Kate Sidley reviews Breaking Milk by Dawn Garisch for the Sunday Times

A small world of deep metaphorical meaning

There is a lot in this slim book – art and science, family and culture, the workings of the heart and of the body

Review by Kate Sidley

On a farm in the Eastern Cape, Kate wakes before dawn, her head and heart in turmoil. She has good reason to worry – today is the day that her baby grandsons, conjoined twins, are to be separated. The risky surgery will take place in London. Kate’s estranged daughter, Jess, has told her definitively, and hurtfully: “Don’t come.”

On the same farm, Nosisi awaits the return of her son, who is undergoing the traditional initiation into manhood. Another anxious mother, another separation, another child at risk.

“So many women down the ages have lain awake in the earth’s great shadow, insomniac over their progeny, their sons and daughters intent on escaping their mothers’ intractable worry,” writes Dawn Garisch in Breaking Milk.

The book takes place over one day, from Kate’s early-morning wake up, and within the confines of the farm and the house she shares with her demented father and his carer. As she ponders her painful choice – respecting her daughter’s wishes, or rushing to be at her side – she must continue to take care of business. Once a microbiologist geneticist working on embryos in a fertility lab, she is now the creator of prize-winning goat’s cheese…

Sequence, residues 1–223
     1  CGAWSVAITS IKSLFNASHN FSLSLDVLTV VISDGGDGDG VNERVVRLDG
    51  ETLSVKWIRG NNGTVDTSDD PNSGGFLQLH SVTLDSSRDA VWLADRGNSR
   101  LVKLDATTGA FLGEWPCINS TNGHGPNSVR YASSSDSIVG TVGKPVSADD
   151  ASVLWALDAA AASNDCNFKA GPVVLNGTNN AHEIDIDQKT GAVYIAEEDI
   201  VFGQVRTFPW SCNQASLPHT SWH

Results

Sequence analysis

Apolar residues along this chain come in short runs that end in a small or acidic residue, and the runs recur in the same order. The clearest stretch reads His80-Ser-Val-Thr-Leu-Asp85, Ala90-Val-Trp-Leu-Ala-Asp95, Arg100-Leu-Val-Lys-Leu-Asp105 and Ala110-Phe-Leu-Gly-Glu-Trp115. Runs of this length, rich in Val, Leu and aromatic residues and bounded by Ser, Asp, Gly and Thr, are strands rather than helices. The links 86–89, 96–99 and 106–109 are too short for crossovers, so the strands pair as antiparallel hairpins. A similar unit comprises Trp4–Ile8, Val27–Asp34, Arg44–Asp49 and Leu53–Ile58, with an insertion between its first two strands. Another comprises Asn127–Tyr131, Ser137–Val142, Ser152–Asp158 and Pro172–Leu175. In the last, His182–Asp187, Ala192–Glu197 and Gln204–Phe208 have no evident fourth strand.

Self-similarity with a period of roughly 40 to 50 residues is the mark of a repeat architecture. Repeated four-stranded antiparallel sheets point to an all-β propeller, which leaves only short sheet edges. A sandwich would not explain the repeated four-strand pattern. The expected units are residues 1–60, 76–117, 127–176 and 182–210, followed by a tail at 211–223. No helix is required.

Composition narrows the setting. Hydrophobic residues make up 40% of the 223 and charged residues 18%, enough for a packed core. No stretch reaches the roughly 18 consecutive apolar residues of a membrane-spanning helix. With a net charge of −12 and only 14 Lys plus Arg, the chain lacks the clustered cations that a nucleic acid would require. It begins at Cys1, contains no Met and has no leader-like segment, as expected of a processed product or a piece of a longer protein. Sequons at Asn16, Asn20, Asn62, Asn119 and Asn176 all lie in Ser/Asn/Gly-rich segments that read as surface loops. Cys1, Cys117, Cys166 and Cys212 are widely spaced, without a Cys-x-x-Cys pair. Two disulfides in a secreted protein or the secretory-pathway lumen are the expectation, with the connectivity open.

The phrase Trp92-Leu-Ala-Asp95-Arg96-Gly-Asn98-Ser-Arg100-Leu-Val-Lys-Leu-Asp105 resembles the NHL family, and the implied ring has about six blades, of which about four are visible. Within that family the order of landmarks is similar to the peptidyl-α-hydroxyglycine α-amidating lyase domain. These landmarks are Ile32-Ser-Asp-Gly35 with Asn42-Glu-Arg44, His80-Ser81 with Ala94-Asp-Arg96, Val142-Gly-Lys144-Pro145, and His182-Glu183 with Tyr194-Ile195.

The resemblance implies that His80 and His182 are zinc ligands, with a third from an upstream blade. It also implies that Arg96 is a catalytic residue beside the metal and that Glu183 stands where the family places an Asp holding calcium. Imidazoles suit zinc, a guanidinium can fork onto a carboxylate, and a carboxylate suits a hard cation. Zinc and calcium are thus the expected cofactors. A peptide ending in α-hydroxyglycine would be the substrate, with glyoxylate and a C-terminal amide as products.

Continue reading: Sunday Times

Fynboshoek – the inspiration for Breaking Milk by Dawn Garisch

‘Visiting the cheese farm today felt like walking into my novel,’ Dawn Garisch wrote after her recent return to Fynboshoek, the place which inspired the setting of her latest novel, Breaking Milk.

Breaking Milk concerns a day in the life of Kate, a cheese maker.

Don’t come, she is told by her only child. Jess is keeping her mother at a distance on the day that her own children, conjoined twins, are to be separated during high-risk surgery in London.

Kate wakes on her farm in the Eastern Cape, torn between respecting Jess’s wishes and a longing to rush to her estranged daughter’s side.

A former geneticist disillusioned by the pressing ethical questions posed by her job, Kate is now an award-winning maker of organic cheese. She relies on the farm’s routine and the people and animals in her life to hold steady as her day teeters on a knife’s edge.

Meanwhile, her employee Nosisi’s son is undergoing initiation. Forbidden to have contact with him during this traditional passage into the world of manhood, his mother anxiously awaits his return…

Fynboshoek6

The sky is clotted with cloud, but the background blue is clear, rinsed by the night’s rain. The farmer’s need to know the weather blurs with Kate’s artistic appreciation of cloudscapes – the infinite variety of forms: misty wisps and erupted whites above the underlining of the land.
Kate’s small farm appears over the rise, nestled in beside the dam – an oasis of fynbos and indigenous trees that stand out in a vast green desert of pastures and fields. It does feel like home, she thinks… 

Fynboshoek5In the Acknowledgments of Breaking Milk, Dawn writes: Thanks to Alje van Deemter who allowed me to job shadow him on his farm Fynboshoek in the Eastern Cape so that I could detail his cheese-making process and restaurant business – his produce is as delicious as the book portrays.

To discover more about Fynboshoek and the cheese-making process visit the farm’s website and follow their stunning Instagram account.

Stay tuned for details about a launch of Breaking Milk on Fynboshoek in November. Until then, enjoy the novel, learn more about the art of organic cheese making and have some delicious artisan cheese.

Photographs: Fynboshoek Instagram